The redwood forest in Richardson Grove State Park supports old growth stands of
redwood that are an important part of California’s natural heritage. This heritage has nearly disappeared as a result of logging and conversion to agriculture of the original redwood forest. Of the close to 2,000,000 acres of redwood forest in California in 1850, only about 39,000 acres are protected in state and national parks. These old growth stands cannot be replaced and special consideration should be given to any projects that would impact the remaining old growth forests.
The California Department of Transportation has approved a major road-widening / re-alignment project along Highway 101 through the ancient redwood forest of Richardson Grove State Park—a “heritage park” with worldwide significance. Richardson Grove protects the ninth tallest coast Redwood tree in the world, is designated “critical habitat” for the state-endangered Marbled Murrelet, and is near the federal Wild and Scenic South Fork Eel River.
Construction of the new road would remove 54 trees and cut some roots of 108 trees including fatal damage to ancient redwoods—further jeopardizing the imperiled species that rely on old-growth redwood forests for their survival.
This project will also forever alter the character of the Grove, which for decades has served as the “Gateway to the Redwoods” for countless awestruck travelers.
The environmental assessment is so deeply flawed that it cannot serve as the basis for an informed decision. Caltrans has ignored potential alternatives, failed to provide vital information about impacts to endangered species, inaccurately addressed the project’s potential climate impacts, downplayed the far-reaching effects of allowing giant commercial truck traffic into Humboldt County, and provided one-sided economic justifications for the project.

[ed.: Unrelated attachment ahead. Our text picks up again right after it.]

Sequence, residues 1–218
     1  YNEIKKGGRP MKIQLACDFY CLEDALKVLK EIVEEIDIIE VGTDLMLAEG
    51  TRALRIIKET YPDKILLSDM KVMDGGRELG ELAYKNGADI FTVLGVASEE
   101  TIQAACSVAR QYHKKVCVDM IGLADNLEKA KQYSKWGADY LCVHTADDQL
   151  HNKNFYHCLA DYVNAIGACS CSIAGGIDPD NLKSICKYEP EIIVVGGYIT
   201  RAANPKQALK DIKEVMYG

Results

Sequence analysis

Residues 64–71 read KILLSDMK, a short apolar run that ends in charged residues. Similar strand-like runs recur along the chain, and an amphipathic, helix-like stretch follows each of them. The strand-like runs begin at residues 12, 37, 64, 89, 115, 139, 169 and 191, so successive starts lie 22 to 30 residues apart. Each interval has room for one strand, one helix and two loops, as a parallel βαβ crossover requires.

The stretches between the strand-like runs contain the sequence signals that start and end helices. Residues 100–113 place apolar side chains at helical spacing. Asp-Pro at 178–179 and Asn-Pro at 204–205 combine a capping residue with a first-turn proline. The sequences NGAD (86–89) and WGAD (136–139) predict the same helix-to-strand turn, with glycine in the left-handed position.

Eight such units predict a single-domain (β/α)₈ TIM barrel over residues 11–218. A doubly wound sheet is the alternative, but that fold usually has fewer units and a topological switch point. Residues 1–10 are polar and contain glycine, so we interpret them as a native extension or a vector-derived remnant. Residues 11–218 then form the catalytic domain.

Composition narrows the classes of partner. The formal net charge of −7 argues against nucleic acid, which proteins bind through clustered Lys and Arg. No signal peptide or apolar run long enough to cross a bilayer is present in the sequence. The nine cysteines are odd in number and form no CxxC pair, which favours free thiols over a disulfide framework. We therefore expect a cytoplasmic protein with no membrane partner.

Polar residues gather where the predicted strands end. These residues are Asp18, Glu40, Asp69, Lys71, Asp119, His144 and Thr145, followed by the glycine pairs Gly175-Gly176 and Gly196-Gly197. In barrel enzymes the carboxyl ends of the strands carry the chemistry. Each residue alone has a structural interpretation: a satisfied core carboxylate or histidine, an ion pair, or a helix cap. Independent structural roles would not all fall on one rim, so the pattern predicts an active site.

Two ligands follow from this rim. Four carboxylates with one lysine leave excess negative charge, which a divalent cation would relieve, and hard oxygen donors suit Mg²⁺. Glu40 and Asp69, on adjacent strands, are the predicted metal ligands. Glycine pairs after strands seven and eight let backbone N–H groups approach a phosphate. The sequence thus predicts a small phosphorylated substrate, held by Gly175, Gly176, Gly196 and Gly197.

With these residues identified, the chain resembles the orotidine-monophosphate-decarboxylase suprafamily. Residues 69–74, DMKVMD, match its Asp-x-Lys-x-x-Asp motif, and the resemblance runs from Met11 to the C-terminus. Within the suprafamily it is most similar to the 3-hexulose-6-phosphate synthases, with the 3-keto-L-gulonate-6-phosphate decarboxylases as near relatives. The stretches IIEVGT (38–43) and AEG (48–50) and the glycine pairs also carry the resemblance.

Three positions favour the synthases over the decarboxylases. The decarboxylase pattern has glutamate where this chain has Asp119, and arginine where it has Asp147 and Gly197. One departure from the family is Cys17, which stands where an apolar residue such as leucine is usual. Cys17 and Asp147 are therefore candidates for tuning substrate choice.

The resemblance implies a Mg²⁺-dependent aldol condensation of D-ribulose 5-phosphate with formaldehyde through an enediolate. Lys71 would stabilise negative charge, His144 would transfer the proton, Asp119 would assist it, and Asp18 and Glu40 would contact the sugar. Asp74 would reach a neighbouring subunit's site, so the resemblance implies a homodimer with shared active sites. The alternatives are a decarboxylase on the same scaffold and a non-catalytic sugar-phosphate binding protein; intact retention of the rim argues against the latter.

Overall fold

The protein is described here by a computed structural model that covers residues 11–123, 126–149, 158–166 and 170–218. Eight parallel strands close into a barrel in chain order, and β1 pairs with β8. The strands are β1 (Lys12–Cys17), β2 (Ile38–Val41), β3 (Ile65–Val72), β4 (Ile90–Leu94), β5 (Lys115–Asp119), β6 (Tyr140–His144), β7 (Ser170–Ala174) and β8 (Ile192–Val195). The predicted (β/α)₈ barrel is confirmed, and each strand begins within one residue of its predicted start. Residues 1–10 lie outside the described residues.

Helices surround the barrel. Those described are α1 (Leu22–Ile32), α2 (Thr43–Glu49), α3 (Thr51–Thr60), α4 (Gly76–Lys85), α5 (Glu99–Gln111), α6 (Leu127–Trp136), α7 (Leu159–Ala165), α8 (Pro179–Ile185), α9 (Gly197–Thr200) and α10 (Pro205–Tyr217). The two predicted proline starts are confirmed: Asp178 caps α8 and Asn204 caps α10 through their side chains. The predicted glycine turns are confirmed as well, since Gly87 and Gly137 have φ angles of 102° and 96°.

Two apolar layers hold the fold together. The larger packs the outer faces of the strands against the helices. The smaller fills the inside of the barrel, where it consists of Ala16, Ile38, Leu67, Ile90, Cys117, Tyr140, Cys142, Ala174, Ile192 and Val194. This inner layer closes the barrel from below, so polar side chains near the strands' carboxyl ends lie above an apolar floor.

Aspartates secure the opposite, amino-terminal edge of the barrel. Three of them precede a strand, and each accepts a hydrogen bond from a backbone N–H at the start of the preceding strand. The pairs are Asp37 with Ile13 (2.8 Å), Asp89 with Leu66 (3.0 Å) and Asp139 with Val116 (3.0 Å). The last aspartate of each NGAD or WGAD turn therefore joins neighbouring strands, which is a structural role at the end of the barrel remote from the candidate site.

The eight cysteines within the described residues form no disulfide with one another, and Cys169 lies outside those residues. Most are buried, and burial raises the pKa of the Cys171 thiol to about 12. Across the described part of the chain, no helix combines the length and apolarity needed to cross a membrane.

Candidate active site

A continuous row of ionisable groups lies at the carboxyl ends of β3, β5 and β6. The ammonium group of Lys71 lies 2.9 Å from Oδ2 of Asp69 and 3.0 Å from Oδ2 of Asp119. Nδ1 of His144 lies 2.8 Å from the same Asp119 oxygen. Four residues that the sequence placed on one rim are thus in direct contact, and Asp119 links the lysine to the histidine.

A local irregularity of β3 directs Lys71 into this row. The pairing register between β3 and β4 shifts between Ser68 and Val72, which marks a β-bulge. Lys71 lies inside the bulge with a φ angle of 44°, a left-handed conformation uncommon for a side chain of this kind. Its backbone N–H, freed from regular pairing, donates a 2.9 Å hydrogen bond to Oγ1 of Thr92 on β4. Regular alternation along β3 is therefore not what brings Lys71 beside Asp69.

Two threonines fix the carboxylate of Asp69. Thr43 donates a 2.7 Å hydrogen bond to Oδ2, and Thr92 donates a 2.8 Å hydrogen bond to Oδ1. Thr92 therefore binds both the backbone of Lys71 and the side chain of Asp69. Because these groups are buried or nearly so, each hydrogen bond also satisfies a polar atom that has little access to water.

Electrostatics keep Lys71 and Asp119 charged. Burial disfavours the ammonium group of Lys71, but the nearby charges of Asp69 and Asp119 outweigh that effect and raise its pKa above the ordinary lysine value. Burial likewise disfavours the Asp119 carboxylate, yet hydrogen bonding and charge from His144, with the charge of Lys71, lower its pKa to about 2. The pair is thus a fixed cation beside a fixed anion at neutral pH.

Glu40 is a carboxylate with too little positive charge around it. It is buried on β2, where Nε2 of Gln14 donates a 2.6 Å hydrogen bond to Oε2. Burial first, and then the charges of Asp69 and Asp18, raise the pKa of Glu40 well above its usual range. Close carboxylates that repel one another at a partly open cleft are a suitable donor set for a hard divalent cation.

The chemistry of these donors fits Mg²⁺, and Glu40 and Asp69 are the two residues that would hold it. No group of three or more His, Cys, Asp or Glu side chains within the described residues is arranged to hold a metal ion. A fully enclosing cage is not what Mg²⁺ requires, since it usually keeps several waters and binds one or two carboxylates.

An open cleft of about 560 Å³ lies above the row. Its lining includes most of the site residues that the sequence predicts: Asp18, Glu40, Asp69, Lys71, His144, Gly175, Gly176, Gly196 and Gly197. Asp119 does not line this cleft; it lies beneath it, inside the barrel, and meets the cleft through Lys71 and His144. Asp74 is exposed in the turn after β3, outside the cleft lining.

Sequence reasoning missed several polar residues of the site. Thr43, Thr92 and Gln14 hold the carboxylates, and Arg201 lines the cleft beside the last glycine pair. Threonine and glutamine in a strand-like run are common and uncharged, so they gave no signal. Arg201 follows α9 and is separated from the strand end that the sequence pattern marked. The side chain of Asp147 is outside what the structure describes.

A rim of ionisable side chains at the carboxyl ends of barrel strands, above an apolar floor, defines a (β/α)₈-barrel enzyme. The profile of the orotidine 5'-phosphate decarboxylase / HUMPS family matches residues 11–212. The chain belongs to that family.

Recently, a federal judge granted a preliminary injunction instructing Caltrans to halt construction on the Richardson Grove Project until the court can make an informed decision regarding the adequacy of the Environmental Impact Report / Environmental Assessment as prepared by Caltrans.
The $10 million projected price tag for this one-mile stretch of highway is unnecessary and wasteful. This sum could fund research into better transportation alternatives and renewable energy sources.
Businesses along the North Coast continue to meet the demands of the local residents with the existing roadways – transportation costs to and from our area will ALWAYS be higher due to diesel fuel costs and the mileage involved – damaging the Grove will NOT change this fact.
STAA trucks DO have access into Humboldt County via alternate routes and by exemption through Richardson Grove; and despite the fact that the largest commercial trucks drive through the Grove, there has never been an accident in Richardson Grove involving a STAA truck. Caltrans has failed to prove that this project would result in safer roads or improved economic benefits for the North Coast.
The risks are simply unacceptable, and the potential benefits have never been proven.